Uneven Floors In Old Houses

What is the significance of an uneven floor of an old house?

 

Your uneven floors are most likely a sign that something is wrong with your home’s foundation. It is not, however, a “one-size-fits-all” problem. Instead, various issues with your home’s foundation might occur, ranging from minor repairs to significant, costly damage. We have already looked at How To Level A Floor, in the article here.

Sagging vs. Sloping

 

In older homes, floor slopes and slants are typical. Aslant/slope situation is when the floor slopes down one or two inches over 15 or 20 horizontal feet. Except for that incline, the floor could be completely flat. On one side of the room, a sinking base may be level, but on the other, it is not. However, there are sagging or dipping areas in the center. It is more likely to suggest isolated weak places than a bigger structural problem. Foundation problems in rooms with a general slope may necessitate the services of a foundation repair firm or a general contractor.

 

Over a horizontal plane of many feet, sloped floors may drop a few inches. Even though a slanted floor is frequently even or flat, it is not level. Floors that droop or have dips are different from slanting/sloping floors. For example, your dining room floor may be level from end to end, but there are other sags and dips in between. It’s plausible that your foundation isn’t the source of the problem. It’s more likely that there’s a problem with joists and beams beneath your floor that needs shoring up. In some circumstances, putting down a layer of floor leveling compound will solve the issue.

 

A guide on leveling a floor in an old house

 

Considerations for Safety

 

Other than pouring self-leveling underlayment, floor leveling is a substantial project that can permanently change your property. When embarking on any of these chores, always have an assistant on hand to assist you. Also, don’t forget to protect your eyes.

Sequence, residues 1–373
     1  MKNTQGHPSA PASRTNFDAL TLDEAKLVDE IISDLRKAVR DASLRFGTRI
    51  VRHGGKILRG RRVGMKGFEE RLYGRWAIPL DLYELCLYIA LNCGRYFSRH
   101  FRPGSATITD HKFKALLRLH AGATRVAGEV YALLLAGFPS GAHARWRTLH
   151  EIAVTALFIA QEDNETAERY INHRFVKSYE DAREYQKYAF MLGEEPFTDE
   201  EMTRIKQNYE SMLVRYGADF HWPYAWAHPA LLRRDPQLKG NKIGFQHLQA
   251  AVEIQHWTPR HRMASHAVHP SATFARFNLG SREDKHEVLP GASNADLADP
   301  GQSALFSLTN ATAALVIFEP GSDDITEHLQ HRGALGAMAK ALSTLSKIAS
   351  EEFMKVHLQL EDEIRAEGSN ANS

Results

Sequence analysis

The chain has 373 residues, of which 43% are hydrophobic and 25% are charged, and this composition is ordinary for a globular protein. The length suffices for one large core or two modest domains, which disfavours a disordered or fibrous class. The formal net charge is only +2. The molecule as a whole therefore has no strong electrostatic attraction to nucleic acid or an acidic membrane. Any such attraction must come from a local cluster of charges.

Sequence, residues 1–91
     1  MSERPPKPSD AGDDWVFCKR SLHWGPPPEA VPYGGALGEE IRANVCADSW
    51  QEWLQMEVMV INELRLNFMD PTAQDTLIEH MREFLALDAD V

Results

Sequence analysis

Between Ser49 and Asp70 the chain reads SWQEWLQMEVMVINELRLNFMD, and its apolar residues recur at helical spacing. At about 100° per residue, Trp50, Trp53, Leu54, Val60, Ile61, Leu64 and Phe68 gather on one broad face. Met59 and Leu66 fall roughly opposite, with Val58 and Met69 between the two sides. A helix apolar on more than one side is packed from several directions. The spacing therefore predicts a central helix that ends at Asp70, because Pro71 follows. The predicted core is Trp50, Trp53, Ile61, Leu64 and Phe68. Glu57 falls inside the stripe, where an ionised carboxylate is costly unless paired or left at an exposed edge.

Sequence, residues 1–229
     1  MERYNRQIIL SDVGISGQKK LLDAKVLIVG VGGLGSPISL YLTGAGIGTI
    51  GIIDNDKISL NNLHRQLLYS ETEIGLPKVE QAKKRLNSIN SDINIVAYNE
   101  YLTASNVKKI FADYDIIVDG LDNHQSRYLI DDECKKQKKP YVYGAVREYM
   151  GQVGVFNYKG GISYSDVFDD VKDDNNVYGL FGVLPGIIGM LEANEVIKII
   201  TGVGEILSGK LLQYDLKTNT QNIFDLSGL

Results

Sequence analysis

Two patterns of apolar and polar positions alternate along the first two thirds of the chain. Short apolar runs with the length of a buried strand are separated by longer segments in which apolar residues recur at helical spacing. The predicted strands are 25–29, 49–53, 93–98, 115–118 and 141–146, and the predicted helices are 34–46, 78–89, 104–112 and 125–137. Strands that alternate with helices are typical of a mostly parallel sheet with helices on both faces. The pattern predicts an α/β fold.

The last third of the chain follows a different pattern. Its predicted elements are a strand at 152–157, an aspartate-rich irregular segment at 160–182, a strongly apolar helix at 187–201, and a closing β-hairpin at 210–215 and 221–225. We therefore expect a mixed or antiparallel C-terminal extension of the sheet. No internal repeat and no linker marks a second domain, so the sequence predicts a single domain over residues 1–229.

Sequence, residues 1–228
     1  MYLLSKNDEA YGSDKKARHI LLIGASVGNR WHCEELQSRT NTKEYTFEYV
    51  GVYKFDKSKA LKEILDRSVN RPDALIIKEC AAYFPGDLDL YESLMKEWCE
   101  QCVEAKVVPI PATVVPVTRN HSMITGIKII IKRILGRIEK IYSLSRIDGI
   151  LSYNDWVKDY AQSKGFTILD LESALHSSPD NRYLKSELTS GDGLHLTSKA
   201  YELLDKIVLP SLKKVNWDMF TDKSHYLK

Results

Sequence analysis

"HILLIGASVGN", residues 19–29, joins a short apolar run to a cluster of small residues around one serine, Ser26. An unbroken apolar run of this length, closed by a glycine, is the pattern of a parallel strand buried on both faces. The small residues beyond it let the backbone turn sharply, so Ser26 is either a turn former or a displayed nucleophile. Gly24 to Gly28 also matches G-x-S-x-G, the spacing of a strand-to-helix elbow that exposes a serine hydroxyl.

What You’ll Require

 

Equipment / Tools

Laser level

Electric miter saw

Rotary level

Framing hammer

Tape measure

Bubble level

Carpenter’s pencil

Adjustable steel columns

Cordless drill

Auger bits

House jacks

 

Materials

Self-leveling underlayment (floor leveling compound)

2-by-6s or 2-by-8s for sistering floor joists

Bolts, nuts, and washers

 

Fixing a Slanted or Sloped Floor

 

The foundation footer may have sunk or subsided if the floor is flat. It is an identifiable concern with foundation problems, and some companies specialize in foundation repair. The sill (the wooden component of the house that sits on the foundation footer) may have deteriorated due to rot, water, termites, or carpenter ants.

 

Install New Footers

 

The house is jacked up and will place new footers.

It will take time to jack up a home using 20-ton house jacks; you will not be able to jack up a house in a single day.

Instead, it must be gradually increased over days or even weeks.

 

Jack must be removed.

 

Remove the jack after some time has passed and re-level or stabilize it.

Uneven Floors in Old Houses

Repairing a Sagging and Dipping Floor

 

These are some options for repairing a sagging or dipping floor.

 

Pour a layer of self-leveling underlayment on the floor.

 

In the issue area, apply self-leveling underlayment. For example, a compound can fix sags and dips up to 1 1/2 inches deep.

 

Sister the Joists

 

If you have access to a basement or crawlspace, you can jack up sagging joists until they are level, then sister them to keep them straight after the jacks are removed. Sistering is the technique of joining two boards together using bolts, nuts, and washers so that the new board supports or corrects the other, weaker one.

 

Keep the Joists in Place

 

To keep the joists held up, place adjustable steel columns under them. The base of the column must be attached to the basement floor, and we must secure the column’s top to the joist for this steel column fix to work.

 

Install new hardwood flooring

 

Another fix-it approach is to lay down new hardwood over the existing floor on the upper side. A plywood flooring will help bridge any slight sags in the existing base, as will leveling compound. You’ll need to double-check that your joists can withstand the additional weight of the plywood flooring and any floor coverings. You can sister the posts below and add a few adjustable columns to help the joists fight the extra weight.

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